You don’t have to “just survive” through a crisis or onslaughts of conflicting and confusing thoughts and worries. The opportunity for honesty and community is always present. If you would just look around, lay aside all fears of judgment or rejection, and be open, you’ll find that somebody around you has already experienced the same sort of hurt and struggle that you’ve been going through.
Authenticity is sincerity. It is us being real and raw. In an authentic life, I believe honesty is at the core of our living, our existing, our doing, and our relating. By being authentic, we don’t just gain a better understanding of who we are, but we also enable community. Our weakness lends itself to powerful consequences. You never really know what could happen from those moments of being vulnerable and weak before yourself and others. But more often than not, when we are open, we find common ground; common ground where we can walk and encourage one another and battle through our struggles side by side.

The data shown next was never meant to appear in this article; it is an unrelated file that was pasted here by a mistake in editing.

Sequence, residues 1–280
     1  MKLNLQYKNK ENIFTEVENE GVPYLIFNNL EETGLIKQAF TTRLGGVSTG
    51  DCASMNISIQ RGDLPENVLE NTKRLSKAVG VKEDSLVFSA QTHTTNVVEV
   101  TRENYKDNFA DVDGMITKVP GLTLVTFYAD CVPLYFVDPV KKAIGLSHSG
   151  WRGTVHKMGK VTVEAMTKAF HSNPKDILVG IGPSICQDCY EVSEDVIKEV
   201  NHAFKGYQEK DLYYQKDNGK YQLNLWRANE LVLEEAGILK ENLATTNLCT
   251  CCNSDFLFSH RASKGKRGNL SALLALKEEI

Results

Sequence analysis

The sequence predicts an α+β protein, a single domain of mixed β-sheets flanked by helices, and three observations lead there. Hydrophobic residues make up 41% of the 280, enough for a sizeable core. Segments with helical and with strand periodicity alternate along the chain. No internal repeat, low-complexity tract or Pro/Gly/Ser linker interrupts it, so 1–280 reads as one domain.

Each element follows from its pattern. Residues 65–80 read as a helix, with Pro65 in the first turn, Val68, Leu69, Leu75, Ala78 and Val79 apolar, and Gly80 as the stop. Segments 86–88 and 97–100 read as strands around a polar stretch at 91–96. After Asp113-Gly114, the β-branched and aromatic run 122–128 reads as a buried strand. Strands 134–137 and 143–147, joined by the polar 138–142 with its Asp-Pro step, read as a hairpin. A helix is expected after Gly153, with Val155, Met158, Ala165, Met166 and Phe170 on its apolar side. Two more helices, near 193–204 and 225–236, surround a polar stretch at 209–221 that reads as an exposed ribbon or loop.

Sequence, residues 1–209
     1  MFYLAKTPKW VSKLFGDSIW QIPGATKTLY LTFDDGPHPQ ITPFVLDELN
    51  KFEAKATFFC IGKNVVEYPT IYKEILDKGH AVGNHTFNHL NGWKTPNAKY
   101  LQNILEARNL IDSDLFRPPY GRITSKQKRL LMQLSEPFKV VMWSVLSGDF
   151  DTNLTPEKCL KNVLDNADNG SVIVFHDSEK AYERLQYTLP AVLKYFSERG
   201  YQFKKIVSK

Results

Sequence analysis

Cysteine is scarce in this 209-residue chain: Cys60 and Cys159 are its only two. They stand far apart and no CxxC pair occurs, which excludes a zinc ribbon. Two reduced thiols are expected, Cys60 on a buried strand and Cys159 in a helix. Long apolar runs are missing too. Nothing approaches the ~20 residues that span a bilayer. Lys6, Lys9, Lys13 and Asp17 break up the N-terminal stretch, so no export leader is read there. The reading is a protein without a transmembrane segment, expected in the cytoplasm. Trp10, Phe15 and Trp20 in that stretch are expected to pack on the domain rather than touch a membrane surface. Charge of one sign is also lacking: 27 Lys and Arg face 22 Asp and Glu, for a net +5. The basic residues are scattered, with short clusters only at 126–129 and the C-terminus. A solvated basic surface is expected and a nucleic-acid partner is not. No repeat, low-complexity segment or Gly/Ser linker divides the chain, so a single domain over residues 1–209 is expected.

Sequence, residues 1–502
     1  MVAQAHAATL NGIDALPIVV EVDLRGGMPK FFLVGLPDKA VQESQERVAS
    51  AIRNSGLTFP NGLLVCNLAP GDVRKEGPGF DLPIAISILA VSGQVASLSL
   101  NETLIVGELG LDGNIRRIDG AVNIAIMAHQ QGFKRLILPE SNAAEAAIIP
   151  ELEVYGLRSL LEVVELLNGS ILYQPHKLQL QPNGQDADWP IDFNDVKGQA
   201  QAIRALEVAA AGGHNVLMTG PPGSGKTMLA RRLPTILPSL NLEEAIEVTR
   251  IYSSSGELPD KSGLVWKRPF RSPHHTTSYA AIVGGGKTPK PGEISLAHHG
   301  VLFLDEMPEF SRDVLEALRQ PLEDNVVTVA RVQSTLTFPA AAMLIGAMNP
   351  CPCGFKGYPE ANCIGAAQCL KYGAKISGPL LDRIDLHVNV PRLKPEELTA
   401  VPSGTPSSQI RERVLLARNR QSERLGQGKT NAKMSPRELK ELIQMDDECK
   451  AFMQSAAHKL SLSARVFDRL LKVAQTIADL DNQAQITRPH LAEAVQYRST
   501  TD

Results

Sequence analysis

My journey in realizing and experiencing the power that lies within weakness has revealed these 3 steps that I try to make regularly:
- Pause + ask. Instead of complaining about your situation to yourself or just brushing off the anxiety that you feel, stop and ask yourself, “How are you? Are you really doing okay? What’s going on right here, right now in your situation and in your heart?” In the past (and even now), I’ve struggled with taking the time daily, weekly, and monthly (!) to check in with myself and see where I’m at – mentally, physically, and even spiritually. I get so wrapped up with life’s busy-ness, that I rarely make time to ask myself these questions. It could take a couple of minutes or even a good half hour to ask and answer yourself, but when you do, you’ll get such a better picture of your current state of being.